This moment seems contemporary, but Huang presents it as a memory, begging the question of what the future holds for this generation and its hybrid culture, and more importantly, what it will be remembered for.

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  • Red Clothes and Purple Gloves
  • Huang Yuncan (b. 1982) graduated from the oil painting department at the Sichuan Fine Arts Institute in 2005, and continued her graduate studies until 2008. She has participated in group exhibitions in many of China’s major cities, including Hangzhou, Shanghai, Beijing and Hong Kong.

    The series New Youth depicts an experience of youth that is unprecedented China, and is a result of the country’s new material wealth. She portrays her subjects looking carefree and trendy, but at the same time self-conscious – capturing the awkwardness and uncertainty that accompanies the transition from adolescence to adulthood.

    Her characters exist in neutral fields without context. This could suggest the uncertainty of youth, or possibly the lack of fixed references in China’s rapidly changing conditions.

    Huang’s images are presented as animated but imprecise recollections with floating spots that coalesce into figures and interactions. The tenuous bonds between the spots threaten to dissipate at any moment, imitating the brevity of youth and the fragility of the mind’s eye.

    Click on the artist's name for more information
    HUANG Yuncan 黄云璨
$35.00
Chen Zanxi’s Sugarcoated Bullet series combines Chinese and foreign icons to create a satirical commentary on the state of revolutionary ideals and traditional values in modern Chinese society. The title of Sugarcoated Bullet: Elegant Pursuits comes from the classical phrase “风流韵事” which refers to the refined pursuits of a cultured person such as poetry, chess, calligraphy and music. The phrase, however, has also become a euphemism for an illicit romantic affair. On the left is Yang Zirong, the iconic soldier-hero from the revolutionary opera Taking Tiger Mountain by Strategy. On the right, Yuji, the loyal concubine from the traditional Beijing opera Farewell my Concubine, is performing a sword-dance before committing suicide next to her defeated king. Behind them is a traditional Chinese paper cutout with the symbol for “double happiness,” which is often associated with wedding celebrations. Between these role models from revolutionary and traditional Beijing Opera, the artist has superimposed the licentious Kate from Cole Porter’s musical Kiss me Kate; here shown here playing the role of Katherine in Shakespeare’s The Taming of the Shrew. The color red, highlighted in the Yang Zirong’s Red Army insignia and the traditional “Double Happiness” pattern is also highlighted on the lips and clothing of Kate and Yuji.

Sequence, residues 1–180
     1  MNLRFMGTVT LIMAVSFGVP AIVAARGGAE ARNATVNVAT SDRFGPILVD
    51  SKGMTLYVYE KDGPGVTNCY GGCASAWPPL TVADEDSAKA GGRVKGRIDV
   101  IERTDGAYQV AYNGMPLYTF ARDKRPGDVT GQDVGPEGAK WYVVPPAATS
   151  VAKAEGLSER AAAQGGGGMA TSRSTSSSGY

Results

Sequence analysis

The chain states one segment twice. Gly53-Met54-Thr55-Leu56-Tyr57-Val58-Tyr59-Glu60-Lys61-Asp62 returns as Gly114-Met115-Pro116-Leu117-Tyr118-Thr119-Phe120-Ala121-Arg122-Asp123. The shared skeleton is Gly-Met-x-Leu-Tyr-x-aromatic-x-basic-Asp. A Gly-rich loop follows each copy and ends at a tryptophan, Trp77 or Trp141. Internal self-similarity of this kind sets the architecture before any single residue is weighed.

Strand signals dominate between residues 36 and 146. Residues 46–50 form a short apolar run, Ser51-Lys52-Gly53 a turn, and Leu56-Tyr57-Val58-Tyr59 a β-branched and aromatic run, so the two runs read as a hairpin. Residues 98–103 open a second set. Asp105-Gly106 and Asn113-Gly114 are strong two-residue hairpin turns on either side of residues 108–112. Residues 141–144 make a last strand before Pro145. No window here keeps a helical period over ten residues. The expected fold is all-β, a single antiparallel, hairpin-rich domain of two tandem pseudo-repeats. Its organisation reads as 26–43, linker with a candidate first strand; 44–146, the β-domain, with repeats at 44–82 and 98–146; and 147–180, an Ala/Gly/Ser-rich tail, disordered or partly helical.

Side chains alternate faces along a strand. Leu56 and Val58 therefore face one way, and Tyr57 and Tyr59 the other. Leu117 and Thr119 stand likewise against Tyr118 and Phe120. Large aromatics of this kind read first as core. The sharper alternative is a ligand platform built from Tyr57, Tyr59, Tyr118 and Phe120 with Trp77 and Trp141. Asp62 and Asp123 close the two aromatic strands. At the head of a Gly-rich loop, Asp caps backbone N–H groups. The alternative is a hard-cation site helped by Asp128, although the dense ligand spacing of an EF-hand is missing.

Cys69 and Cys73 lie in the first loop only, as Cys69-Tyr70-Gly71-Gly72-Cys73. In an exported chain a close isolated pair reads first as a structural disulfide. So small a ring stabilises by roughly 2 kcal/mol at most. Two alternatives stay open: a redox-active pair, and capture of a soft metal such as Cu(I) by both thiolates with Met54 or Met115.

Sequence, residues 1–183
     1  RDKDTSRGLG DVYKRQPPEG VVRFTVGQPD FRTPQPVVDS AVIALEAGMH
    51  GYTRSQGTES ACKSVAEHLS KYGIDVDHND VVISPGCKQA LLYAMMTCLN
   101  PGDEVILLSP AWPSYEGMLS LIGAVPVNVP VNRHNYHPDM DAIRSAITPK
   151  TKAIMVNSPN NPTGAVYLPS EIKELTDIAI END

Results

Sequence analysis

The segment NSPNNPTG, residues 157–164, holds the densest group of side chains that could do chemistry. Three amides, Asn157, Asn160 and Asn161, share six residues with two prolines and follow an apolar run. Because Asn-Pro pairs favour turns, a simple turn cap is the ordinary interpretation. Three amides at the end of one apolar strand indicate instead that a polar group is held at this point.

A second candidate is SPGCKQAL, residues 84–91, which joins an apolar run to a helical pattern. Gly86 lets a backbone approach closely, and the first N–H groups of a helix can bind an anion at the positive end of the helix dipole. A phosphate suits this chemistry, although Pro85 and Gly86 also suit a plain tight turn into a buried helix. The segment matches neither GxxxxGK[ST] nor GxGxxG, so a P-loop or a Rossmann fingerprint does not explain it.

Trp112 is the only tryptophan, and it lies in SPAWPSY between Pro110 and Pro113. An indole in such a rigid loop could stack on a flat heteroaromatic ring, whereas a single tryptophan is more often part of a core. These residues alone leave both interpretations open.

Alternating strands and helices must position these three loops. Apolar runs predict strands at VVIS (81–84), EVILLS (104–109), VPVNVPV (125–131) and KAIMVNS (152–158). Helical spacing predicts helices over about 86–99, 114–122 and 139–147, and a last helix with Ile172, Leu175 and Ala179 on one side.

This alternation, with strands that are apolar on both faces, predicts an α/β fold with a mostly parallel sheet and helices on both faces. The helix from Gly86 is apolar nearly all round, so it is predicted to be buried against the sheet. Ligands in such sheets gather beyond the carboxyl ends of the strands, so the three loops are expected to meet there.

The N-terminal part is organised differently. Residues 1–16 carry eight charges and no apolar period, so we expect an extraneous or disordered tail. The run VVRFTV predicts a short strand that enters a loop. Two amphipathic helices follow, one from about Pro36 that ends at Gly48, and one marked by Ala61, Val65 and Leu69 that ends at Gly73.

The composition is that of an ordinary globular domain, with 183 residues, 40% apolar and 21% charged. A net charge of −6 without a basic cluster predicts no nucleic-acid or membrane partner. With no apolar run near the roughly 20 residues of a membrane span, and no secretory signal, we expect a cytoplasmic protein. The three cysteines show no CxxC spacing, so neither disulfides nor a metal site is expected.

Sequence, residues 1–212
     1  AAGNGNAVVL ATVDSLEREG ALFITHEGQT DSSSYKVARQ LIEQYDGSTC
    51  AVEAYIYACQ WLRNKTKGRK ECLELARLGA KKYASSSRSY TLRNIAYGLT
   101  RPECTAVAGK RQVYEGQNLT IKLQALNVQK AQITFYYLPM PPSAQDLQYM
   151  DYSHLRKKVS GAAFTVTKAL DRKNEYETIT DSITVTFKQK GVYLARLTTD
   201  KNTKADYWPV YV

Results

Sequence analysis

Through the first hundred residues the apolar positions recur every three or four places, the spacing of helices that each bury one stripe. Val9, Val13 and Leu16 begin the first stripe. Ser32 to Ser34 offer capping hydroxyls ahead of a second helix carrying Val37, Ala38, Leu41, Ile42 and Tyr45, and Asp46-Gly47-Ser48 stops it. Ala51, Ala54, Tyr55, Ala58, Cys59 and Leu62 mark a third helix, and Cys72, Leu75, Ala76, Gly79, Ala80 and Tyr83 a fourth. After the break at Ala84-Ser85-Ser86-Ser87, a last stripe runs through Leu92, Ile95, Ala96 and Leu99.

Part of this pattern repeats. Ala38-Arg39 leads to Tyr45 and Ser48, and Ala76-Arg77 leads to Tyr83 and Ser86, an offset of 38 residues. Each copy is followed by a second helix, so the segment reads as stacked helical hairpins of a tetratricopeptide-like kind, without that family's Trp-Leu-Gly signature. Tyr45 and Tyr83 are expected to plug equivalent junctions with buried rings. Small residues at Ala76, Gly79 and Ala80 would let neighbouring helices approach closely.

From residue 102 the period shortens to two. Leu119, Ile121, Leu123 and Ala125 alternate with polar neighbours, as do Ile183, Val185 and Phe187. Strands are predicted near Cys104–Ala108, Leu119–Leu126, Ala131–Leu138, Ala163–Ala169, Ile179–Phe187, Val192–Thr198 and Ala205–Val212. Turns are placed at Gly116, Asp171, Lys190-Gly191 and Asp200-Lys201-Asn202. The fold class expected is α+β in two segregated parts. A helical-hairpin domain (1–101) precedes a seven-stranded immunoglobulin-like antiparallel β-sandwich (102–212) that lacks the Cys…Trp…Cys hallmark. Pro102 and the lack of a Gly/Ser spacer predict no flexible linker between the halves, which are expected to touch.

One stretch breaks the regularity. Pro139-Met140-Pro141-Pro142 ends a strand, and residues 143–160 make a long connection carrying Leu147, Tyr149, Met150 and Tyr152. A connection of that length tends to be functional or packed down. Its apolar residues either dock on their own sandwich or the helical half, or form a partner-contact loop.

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  • Sugar Coated Bullet: Elegant Pursuits